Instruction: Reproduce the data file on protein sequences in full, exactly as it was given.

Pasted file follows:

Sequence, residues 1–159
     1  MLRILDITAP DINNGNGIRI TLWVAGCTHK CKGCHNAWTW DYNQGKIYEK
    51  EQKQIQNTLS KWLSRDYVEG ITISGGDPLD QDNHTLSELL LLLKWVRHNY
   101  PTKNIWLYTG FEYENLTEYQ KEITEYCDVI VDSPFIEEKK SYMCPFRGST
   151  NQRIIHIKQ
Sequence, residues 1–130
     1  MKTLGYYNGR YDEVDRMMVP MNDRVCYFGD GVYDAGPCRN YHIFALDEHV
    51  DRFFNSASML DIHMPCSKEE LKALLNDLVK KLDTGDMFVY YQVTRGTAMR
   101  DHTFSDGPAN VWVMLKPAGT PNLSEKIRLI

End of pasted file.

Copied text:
Sequence, residues 1–159
     1  MLRILDITAP DINNGNGIRI TLWVAGCTHK CKGCHNAWTW DYNQGKIYEK
    51  EQKQIQNTLS KWLSRDYVEG ITISGGDPLD QDNHTLSELL LLLKWVRHNY
   101  PTKNIWLYTG FEYENLTEYQ KEITEYCDVI VDSPFIEEKK SYMCPFRGST
   151  NQRIIHIKQ
Sequence, residues 1–130
     1  MKTLGYYNGR YDEVDRMMVP MNDRVCYFGD GVYDAGPCRN YHIFALDEHV
    51  DRFFNSASML DIHMPCSKEE LKALLNDLVK KLDTGDMFVY YQVTRGTAMR
   101  DHTFSDGPAN VWVMLKPAGT PNLSEKIRLI